For a military pilot and their maintenance crew, electrical issues are inherently more serious – but no less maddening. Few of us can afford to pay a mechanic for 24 hours of work in order to diagnose an electrical fault, but militaries often do so. Now consider the long-term effects on wiring from the constant airframe vibrations produced by high-energy turbines, and the buffeting produced by travel at several hundred miles per hour. Especially in a machine that may be 30 years old or more, while still possessing some of its original wiring.
As military aircraft fleets continue to age, wiring diagnosis and product improvements will be critical. The F-35 Joint Strike Fighter program is beginning to introduce production innovations involving self-diagnostic wiring, but what about existing aircraft without a full wiring refit? Enter a US NAVAIR project, and a product made by Eclypse International.
Militaries around the world are moving to modernize and transform themselves to meet the challenges of the 21st century. Our mission is to deliver a regular cross-section of relevant, on-target stories, news, and analysis that will help experts and interested laypeople alike stay up to speed on key military developments and issues. Stories are broken down by military category and presented as fast bullet points that orient you quickly, with accompanying links if you wish to pursue more in-depth treatments.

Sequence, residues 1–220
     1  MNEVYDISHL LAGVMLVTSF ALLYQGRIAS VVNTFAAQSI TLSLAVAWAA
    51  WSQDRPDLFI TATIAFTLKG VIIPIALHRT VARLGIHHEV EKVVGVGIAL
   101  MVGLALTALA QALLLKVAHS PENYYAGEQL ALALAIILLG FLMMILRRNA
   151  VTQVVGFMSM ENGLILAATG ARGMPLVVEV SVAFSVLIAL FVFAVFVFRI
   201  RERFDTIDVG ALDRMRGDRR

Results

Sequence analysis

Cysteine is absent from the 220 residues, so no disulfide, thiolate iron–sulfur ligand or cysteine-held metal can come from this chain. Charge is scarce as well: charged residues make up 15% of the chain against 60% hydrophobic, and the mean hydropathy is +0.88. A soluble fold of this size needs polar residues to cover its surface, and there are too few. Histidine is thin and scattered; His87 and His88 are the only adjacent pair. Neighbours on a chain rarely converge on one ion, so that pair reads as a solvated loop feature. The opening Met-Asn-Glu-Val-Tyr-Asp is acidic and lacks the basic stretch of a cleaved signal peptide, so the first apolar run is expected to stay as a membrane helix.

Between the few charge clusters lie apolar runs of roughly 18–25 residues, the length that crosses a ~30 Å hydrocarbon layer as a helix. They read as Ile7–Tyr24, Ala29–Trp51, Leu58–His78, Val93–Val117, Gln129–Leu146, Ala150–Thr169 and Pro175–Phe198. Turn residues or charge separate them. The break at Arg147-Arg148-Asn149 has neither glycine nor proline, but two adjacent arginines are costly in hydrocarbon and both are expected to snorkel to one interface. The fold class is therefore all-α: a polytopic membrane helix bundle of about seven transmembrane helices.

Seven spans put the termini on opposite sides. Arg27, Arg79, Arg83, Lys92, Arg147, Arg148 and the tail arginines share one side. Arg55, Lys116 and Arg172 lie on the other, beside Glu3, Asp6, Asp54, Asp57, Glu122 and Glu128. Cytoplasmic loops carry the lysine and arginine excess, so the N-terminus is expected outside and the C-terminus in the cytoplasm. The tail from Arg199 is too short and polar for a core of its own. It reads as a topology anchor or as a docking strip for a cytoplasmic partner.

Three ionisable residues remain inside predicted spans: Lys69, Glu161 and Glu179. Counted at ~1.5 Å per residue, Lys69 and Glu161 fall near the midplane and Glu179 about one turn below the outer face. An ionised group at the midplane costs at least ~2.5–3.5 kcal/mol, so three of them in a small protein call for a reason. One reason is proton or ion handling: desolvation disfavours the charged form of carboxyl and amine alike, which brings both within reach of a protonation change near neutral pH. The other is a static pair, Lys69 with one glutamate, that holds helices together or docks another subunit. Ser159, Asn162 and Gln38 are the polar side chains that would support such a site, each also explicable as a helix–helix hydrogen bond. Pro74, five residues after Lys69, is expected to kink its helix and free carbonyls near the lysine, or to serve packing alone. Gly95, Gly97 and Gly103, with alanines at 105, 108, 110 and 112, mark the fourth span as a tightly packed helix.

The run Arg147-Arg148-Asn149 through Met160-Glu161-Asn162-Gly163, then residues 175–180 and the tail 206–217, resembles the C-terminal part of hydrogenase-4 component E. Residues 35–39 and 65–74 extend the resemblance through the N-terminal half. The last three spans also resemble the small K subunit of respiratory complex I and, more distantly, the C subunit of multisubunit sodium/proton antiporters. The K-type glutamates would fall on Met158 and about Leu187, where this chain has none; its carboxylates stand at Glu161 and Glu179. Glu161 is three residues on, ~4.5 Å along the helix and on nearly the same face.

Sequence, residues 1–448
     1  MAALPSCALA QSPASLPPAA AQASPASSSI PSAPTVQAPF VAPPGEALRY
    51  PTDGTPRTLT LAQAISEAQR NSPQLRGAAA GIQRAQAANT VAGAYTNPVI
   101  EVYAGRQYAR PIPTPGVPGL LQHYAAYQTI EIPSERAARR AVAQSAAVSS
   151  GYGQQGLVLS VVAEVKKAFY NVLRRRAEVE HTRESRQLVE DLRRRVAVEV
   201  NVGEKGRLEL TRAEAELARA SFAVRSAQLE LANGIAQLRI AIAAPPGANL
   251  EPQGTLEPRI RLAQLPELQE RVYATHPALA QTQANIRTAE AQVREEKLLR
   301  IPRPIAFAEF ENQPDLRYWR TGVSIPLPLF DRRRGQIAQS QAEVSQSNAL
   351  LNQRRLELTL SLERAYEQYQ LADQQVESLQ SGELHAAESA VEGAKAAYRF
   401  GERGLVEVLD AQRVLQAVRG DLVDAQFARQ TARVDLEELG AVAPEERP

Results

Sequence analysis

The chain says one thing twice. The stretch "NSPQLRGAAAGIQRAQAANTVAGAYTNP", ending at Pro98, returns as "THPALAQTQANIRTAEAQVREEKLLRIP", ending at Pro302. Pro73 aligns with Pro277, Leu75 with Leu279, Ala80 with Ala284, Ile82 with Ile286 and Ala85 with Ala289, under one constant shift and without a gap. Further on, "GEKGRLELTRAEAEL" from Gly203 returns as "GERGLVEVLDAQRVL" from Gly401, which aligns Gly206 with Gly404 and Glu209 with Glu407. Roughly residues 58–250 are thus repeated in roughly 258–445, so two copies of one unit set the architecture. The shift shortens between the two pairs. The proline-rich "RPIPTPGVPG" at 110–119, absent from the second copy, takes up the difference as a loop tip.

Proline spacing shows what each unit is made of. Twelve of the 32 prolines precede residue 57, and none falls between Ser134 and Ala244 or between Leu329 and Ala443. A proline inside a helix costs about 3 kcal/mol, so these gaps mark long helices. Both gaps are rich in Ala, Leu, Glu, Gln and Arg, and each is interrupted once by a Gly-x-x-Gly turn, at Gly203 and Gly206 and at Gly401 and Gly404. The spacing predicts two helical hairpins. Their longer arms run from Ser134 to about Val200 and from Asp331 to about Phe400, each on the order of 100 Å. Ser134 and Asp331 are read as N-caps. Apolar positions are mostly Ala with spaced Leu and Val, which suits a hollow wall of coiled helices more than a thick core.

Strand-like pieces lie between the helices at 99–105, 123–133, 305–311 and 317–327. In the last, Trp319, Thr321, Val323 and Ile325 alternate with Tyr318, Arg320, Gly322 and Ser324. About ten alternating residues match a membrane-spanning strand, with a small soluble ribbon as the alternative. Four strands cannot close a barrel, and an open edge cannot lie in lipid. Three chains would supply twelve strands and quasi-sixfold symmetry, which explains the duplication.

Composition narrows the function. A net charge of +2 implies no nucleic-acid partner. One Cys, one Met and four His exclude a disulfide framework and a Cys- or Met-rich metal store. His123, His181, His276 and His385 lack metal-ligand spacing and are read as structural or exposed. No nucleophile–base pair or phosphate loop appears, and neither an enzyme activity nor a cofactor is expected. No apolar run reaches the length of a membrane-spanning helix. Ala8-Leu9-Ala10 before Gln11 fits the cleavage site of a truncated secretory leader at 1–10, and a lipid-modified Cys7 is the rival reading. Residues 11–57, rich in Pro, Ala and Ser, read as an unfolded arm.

Some of This Month’s Targets of Opportunity Include: Aging aircraft; F-22; F-35; India’s big fighter contest; 2018 bomber; Next-gen gunships; Japan’s stealth aircraft; JCA – just confusing; Poseidon down under; Boeing’s invisibility man; Odd new satellite; unmanned fighters & swarms; Cell phones & Patriots; Huge IT contracts; DARPA’s Deep Green; Lots of MRAP; FCS spinouts; Fire Ball; Better body armor; Australia’s new fleet; Korea: us too!; Britain’s new carriers; US Navy’s new bills; Russia’s stealthy Stereguschiy; Remote firefighting; Coast Guard cutters; ADVENT of breakthrough jet engines; $1M wearable power prize; Sub-finding ‘shark’; UK’s Grand Challenge & flying saucers; Boeing’s new plane design; DARPA’s robot dog; New Russian nukes; Britain’s new maintenance concept works; Israel prepares; Counter-insurgency air needs; Export controls and their blowback; CSAR-X: rescue me!; And much, much more: